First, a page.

La Rue also noted that invoking the punitive power of the State should only be a “last resort” – later, he says that the risk must be “perceptible, tangible and immediate” before action is warranted – and the State should rather create a culture of peace through education and prevention.
But as La Rue then followed this by calling for inclusion of sexual orientation in the discussion, query what education policy that sought to implement this would look like. Rather than simply teaching the Golden Rule – a very laudable thing – “anti-bullying” programs have become a vehicle for homosexual indoctrination. Moreover, curricula aimed at mainstreaming “sexual orientation” have seriously eroded parental rights and the notion that children are not “mere creatures of the state.”
The remarks of IACHR Executive Director Canton were significant, given his role within the Inter-American system. While he began by stating that the Inter-American Court has always defended freedom of expression, he then injected ambiguity, implying that the Court is moving toward restricting dissent based on racial or sexual orientation animus.
While Canton conceded that there have been very few cases involving “hatred” and less involving “incitement to violence” before the Court, he contended that there are a number of cases involving “discrimination” based on race, gender, ethnicity and “sexual orientation.” He cited the case In re Atala – an extremely problematic example of transnationalist activisim by the IACHR currently before the Inter-American Court with the potential to undermine the integrity of the Inter-American system – as an example of “denial of custody based on a lesbian sexual status.”
This causes one to wonder whether an increasingly “progressive” IACHR will abandon its traditional defense of free speech in order to lobby for “hate speech” restrictions of the type so destructive of liberty in places such as the United Kingdom. Indeed, an amicus brief submitted to the Inter-American Court in the Atala case by Christian Legal Centre (UK), Christian Legal Fellowship (Canada) and Advocates Oceania pointed out the erosion of speech protections in the United Kingdom, Canada and Australia once “sexual orientation” provisions have taken root, though Canton gave no indication that he was aware of this.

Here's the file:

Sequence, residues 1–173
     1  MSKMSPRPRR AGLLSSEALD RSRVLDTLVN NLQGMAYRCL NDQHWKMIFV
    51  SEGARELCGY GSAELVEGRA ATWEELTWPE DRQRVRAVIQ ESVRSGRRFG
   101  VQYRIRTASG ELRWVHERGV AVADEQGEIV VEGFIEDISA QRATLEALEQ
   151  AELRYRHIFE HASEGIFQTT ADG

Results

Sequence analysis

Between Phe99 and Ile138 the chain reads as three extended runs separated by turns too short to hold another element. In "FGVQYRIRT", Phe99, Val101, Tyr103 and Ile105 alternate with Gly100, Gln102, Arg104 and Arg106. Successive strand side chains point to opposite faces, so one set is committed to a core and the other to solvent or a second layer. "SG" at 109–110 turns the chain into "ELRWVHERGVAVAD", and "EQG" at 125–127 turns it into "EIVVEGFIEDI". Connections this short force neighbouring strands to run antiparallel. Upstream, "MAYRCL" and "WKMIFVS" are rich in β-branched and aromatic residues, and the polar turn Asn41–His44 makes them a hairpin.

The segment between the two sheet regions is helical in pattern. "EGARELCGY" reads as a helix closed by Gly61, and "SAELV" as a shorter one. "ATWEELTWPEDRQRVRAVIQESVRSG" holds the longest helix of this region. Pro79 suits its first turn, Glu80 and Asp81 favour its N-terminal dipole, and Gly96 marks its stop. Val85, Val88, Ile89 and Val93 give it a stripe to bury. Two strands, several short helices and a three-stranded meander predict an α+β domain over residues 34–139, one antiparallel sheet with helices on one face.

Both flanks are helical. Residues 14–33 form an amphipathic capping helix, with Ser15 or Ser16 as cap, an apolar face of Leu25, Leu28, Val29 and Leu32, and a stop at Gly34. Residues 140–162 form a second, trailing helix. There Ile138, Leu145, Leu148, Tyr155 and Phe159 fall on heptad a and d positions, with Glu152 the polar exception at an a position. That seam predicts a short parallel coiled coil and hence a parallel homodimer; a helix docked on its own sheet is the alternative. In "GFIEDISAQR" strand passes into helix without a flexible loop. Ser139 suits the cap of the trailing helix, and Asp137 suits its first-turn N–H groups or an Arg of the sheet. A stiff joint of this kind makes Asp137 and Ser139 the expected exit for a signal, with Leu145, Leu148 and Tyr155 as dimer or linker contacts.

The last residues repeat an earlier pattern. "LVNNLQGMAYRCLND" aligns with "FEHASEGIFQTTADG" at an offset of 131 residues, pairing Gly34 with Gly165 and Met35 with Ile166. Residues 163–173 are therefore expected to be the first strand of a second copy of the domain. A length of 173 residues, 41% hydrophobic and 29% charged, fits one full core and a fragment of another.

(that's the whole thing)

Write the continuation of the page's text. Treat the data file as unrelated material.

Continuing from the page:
Ricardo Lombano, the President of the Ethics Committee of the Panamanian National Journalism Council stated that his committee has banned the use of derogatory terms based on race, religion and “sexual orientation.”
He then went on to discuss a case where a complaint was made to his Ethics Committee concerning discriminatory comments based sexual orientation, which he described as “repeated incitement to repudiate homosexuality by means of written communication.” He said that the case was resolved by the offended party withdrawing the complaint after reaching an agreement with the media outlet.
Ominously, he related that this has raised the idea that the Committee should be given preventive powers on this point, so as to prohibit discriminatory utterances, though this was never resolved. That a press “watchdog” would take such a position is unsettling, to say the least.
The biggest advocate of censorship and curbing freedom of expression as a general matter not specific to “sexual orientation” was Guatemala’s Jose Francisco Cali Tzay. Cali Tzay, an advocate for indigenous people, has served on the UN Committee on the Elimination of Racial Discrimination and as a human rights official from the Guatemalan Ministry of Foreign Affairs. Though Cali Tzay focused on indigenous people, he stated categorically that “speech that offends the dignity of individuals or groups should be limited.” On this he clashed repeatedly with Toby Mendel of the Centre for Law and Democracy in Canada who, along with La Rue, appeared most protective of free expression.
In a concluding remark, Bielefeldt noted that enthusiasm for free speech appears to have migrated to the conservative side of the political spectrum, while the political Left is “more sensitive to certain expressions.” As understated and half-hearted as that observation may be, it does show a grudging awareness that today those who defend tradition usually are the advocates of freedom, while reactionary illiberalism now resides with the Latex Left.